Nearing the end of my degree at Durham University, I knew that I was ready to join the working world. The question was what to do. Whilst the careers office was encouraging me down the well-trodden path of graduate training schemes for accountancy and management consultancy, I knew that I wanted something different.
When I heard about the career of a patent attorney, it sounded ideal. I had also applied to study law at university but had eventually settled on chemistry. With patents I would get the best of both worlds.
I decided to find out more and so, after graduating, I spent the summer working in the patent department of a large UK energy company. During my time there I learnt the basic mechanics of the patenting process and was fortunate enough to obtain some valuable insights into the profession from their in-house attorneys.
I was keen to learn more and so I sought out further experience, this time in the IP department of one of the world’s leading fast-moving consumer goods companies. All of this research confirmed that the career of a patent attorney was for me and also demonstrated to any would-be employer that I was serious about the profession and knew what it entailed.
When I started as a trainee in the profession it was tough and sometimes frustrating. Work that I had agonised over for hours was taken apart (usually with a red pen) by the Partner I worked for. I often wished I could roll the clock forward to a point in time when I knew everything. I have learnt, though, that in this profession, you never reach that point. Over the years, you simply build up a greater bank of experience and a deeper understanding of the law.
I passed the UK qualifying exams the ‘long’ way, taking the six Foundation papers to reach part-qualification before moving on to Finals papers. Following this route, it took me four years to become a UK patent attorney. This had its advantages as it meant that when I qualified I also had four years of practising experience. Nowadays, the Certificate in Intellectual Property is another, quicker and more widely-used route to part-qualification. Both routes have their pros and cons and a good employer will consider the best route for you.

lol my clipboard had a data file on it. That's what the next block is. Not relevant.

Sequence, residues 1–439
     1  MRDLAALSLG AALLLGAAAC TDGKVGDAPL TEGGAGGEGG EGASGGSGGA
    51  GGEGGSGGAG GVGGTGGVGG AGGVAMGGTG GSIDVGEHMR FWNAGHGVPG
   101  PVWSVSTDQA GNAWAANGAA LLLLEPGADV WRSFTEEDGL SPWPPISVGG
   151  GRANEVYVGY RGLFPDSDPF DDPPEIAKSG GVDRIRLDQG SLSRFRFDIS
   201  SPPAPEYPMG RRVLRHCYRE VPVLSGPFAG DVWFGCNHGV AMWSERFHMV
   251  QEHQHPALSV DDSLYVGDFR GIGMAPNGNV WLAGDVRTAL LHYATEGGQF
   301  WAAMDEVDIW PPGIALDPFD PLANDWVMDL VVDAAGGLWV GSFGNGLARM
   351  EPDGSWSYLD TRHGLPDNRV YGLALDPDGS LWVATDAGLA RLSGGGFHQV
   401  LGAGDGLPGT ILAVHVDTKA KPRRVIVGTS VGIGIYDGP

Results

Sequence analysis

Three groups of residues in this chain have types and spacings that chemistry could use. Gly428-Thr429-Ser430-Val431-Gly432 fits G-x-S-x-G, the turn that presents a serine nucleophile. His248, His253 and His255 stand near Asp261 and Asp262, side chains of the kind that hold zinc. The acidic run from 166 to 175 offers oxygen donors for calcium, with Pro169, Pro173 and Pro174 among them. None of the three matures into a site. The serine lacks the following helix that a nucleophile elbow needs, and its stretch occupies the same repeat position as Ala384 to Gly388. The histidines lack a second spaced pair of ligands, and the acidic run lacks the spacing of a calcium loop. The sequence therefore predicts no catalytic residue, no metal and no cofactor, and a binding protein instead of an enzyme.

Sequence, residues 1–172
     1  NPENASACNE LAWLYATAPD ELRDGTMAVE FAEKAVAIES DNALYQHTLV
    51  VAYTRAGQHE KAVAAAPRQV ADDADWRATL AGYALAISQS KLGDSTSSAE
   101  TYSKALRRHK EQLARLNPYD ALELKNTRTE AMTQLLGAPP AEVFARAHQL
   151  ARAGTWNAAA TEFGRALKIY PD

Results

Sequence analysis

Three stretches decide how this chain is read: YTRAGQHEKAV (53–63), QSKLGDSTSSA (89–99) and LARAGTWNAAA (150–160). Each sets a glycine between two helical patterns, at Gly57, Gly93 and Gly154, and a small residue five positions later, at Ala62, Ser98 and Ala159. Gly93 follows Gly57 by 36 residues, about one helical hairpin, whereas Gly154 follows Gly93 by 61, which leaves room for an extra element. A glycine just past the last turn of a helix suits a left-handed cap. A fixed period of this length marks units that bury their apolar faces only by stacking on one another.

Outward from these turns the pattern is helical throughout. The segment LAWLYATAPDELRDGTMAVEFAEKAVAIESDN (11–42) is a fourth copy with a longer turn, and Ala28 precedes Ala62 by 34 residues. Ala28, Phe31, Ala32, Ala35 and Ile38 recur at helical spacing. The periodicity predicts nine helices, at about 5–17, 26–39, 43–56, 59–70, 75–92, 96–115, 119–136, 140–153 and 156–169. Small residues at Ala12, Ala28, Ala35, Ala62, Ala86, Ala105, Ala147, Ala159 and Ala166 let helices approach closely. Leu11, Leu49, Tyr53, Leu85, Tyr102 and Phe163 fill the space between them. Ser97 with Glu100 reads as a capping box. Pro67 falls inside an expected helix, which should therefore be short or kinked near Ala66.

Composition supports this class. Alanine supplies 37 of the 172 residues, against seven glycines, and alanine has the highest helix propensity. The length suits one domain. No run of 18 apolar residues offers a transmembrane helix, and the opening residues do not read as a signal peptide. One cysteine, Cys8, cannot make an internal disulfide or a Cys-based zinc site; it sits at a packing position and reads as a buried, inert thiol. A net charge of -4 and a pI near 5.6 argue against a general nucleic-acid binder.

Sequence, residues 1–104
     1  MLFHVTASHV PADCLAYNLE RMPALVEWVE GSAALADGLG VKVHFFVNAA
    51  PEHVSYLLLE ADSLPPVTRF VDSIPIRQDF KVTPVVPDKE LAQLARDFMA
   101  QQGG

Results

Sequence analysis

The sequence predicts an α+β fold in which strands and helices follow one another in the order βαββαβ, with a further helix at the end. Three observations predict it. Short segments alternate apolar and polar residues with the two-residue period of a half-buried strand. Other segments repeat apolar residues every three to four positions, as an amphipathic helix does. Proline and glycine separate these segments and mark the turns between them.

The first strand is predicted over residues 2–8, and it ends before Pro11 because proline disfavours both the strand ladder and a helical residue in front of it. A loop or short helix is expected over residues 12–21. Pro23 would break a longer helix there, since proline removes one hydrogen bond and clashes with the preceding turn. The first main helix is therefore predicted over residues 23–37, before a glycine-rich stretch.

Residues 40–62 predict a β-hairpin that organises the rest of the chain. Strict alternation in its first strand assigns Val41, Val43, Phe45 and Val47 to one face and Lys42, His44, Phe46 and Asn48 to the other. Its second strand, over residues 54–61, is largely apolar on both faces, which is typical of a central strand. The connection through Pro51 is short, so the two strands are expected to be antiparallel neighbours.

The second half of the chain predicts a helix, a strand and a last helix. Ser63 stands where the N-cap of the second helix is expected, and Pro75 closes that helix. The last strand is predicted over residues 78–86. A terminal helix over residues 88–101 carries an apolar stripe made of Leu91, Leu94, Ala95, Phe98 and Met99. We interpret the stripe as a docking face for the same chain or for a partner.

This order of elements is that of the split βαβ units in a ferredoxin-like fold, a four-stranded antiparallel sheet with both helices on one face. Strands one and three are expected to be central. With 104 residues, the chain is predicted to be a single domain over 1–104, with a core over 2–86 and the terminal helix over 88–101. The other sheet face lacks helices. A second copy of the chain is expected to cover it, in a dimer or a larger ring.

I had face-to-face contact with clients at an early stage in my career since most of my work was UK originating. This gave me a strong commercial awareness from the outset and a clear focus on my role; to add value and provide solutions to try to meet the client’s commercial needs. You may not have any client contact in the early years of your training but it is an important lesson to learn that working in the world of patents is not an academic exercise – every penny that the client spends with you should be a penny well spent.
Choosing a firm to train with
Early years in the profession are focused on learning the basic skills and passing exams. A firm which places high importance on training, like Mathys & Squire, is a must. You will be faced with working and taking examinations in a sphere where you will have little or no experience; this presents a challenge for even the most high flying graduates. Some important factors to consider:
- A structured training policy. You should ask a prospective employer for details on their training and development policy. Are there in-house tutorials? In-house moots? Case law meetings?
- Variety and feedback. Will you have exposure to a variety of work, as well as timely and constructive feedback on the work you are producing?
- Support. Is there a support network; other trainees to confide in, Associates to ask questions to and a dedicated Partner for the more obscure questions and to mentor you as you progress through your training?
What you can bring
In the first couple of years the focus will be on training. During this time, you can still contribute:
- Strong work ethic
- Ability to listen and learn from your mistakes.
My current role
My decision to move to Mathys & Squire was easy. I am privileged to be working within a team of highly-motivated, smart, creative-thinking people and I have been fortunate enough to be able to focus my energies on the areas of patent practice that I enjoy the most – prosecution and opposition. The daily challenges I am presented with to ‘dig deep’ into a case and to use my legal knowledge to problem-solve by persuasive argument are what keep me dedicated to the profession even after having three children.
Since becoming a Partner in 2011, I have grown my own team as well as becoming more involved in the running of the business through sitting on the firm’s board. These are very exciting times for Mathys & Squire, particularly with the recent move of our London office to the Shard, and I am very happy to be contributing to the firm’s ever-growing record of success.
I get tremendous enjoyment from what I do. I wonder how many of my accountant and management consultant contemporaries can say the same.